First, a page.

Ken Kiefer on Photographing Big, Scary Creatures Underwater

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All images by Ken Kiefer. Used with permission.

When it comes photographing underwater, it goes without saying that Ken Kiefer is an expert. He’s well know for his underwater fashion photography–which we previously profiled him for. But what Ken isn’t telling us is that he’s also a certified badass. You see, Ken has loved sharks since he was five years old, and he’s also had a lifelong love of photography. He’ll be photographing gorgeous models underwater one minute and then warming up to some of the most dangerous predators in the sea the next.

We talked to Ken about how he goes about photographing some of the biggest fish in the sea.

Phoblographer: Jumping in the water with sharks is scary, so what do you do to ensure that you stay calm and approaching the big fish?

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Ken: Personally, I’ve never been scared with big animals in the water. I can understand why the majority of people would be, based on media portrayals of sharks as basically heat seeking missles just waiting for humans to stick their feet in so they could bite them off. Doing thorough research before attempting to dive with any predator is a must. Understanding as much as possible about sharks – their body language, eating habits, etc. – minimizes any risk of an accident. Staying calm, both with your mind and body movements is critical to keep the sharks calm as well.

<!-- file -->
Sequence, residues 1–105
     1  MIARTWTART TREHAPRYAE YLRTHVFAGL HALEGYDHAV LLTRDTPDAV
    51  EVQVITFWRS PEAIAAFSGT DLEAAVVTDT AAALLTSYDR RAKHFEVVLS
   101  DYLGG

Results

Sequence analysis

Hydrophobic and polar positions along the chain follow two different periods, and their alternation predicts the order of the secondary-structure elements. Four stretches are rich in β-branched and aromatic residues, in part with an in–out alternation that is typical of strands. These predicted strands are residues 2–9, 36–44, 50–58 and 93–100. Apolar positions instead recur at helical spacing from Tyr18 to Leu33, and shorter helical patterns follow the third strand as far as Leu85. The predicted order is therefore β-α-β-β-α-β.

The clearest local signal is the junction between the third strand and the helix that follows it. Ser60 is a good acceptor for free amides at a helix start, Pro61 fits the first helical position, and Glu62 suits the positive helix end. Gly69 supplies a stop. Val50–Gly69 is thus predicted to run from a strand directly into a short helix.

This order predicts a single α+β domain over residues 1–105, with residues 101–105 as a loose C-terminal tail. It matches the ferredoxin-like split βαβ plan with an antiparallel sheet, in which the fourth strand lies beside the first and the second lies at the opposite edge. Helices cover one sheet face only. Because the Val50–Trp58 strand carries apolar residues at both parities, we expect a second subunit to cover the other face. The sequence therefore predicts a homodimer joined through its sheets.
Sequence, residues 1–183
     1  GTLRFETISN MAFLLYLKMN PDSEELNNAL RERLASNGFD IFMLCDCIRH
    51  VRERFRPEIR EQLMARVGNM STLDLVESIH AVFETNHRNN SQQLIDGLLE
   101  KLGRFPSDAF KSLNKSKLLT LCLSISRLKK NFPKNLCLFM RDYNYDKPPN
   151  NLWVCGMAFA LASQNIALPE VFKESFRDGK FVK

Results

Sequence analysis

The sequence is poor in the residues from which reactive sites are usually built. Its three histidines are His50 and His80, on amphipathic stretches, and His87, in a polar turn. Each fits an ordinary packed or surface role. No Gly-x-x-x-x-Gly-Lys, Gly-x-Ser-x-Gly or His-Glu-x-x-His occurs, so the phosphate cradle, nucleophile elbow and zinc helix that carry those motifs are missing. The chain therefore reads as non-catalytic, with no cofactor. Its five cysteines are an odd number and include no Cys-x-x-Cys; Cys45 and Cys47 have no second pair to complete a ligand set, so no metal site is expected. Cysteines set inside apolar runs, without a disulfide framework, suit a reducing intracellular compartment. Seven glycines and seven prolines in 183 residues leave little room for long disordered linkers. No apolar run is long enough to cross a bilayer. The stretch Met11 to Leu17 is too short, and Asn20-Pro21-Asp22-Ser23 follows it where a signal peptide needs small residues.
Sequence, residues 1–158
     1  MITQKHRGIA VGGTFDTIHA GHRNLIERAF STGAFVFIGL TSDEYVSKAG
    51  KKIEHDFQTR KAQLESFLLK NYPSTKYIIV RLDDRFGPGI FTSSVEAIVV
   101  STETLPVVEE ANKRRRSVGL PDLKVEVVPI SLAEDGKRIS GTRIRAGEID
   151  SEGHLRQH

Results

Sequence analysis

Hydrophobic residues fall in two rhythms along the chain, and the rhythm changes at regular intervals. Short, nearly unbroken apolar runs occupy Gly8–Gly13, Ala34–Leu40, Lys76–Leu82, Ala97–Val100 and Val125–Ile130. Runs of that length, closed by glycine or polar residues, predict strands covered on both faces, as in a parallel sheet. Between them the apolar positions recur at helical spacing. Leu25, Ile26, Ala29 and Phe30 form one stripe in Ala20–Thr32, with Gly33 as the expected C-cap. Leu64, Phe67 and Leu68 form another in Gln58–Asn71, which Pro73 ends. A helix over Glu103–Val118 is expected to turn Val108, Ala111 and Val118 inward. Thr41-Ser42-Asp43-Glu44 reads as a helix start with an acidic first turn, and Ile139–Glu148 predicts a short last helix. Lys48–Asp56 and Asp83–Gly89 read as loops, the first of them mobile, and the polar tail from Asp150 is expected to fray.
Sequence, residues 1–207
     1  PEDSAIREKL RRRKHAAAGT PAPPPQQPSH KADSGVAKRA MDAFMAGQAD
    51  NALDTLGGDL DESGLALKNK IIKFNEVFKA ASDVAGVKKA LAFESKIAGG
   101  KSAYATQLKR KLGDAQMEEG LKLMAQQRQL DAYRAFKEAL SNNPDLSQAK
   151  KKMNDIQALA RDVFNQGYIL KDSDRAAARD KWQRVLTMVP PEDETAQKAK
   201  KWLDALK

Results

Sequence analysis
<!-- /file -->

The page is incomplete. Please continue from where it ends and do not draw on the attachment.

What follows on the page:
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When you are calm and composed, you are just another large predator in the water to them. They are curious about you, and will approach out of interest. What you don’t want to do is have a nervous, agitated demeanor and flap your arms and legs around, because that resembles something they might want to eat.

Phoblographer: You’ve photographed other big underwater creatures too like saltwater crocodiles; what are your favorite to photograph and why?

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Ken: Sharks have been my favorite animal since I was about 5 years old. They remain my favorite today, but I do really enjoy other large predators. Sharks just have a mystique and grace about them that fascinates me. As photography subjects, they present a multitude of angles and attitudes that I never tire of. Showing my peaceful pictures of sharks to others, especially children, really allows me to help counteract the overhyped drama presented in movies and media by showing more of the truth.

Phoblographer: When it comes to technicalities, what are some things that are essential to remember when it comes to capturing underwater wildlife?

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Ken: One of the most important things to keep in mind with large animals underwater is to be very familiar with your equipment. You have to constantly keep your eye on the animal and can’t be playing around with settings. Before you enter the water, you should have a general idea of what settings you will be wanting and then do quick adjustments when a safe opportunity arises. Underwater shooting is very gear intensive with the housings, zoom gears, dome ports and strobes, so it’s necessary to establish a routine for assembly as well as testing water integrity before arriving at the dive location. Also, interactions are always hit or miss with most of these animals, and you don’t ever know how many shots you may get. It’s a good idea to have really large memory cards since changing them requires taking the underwater housing apart.

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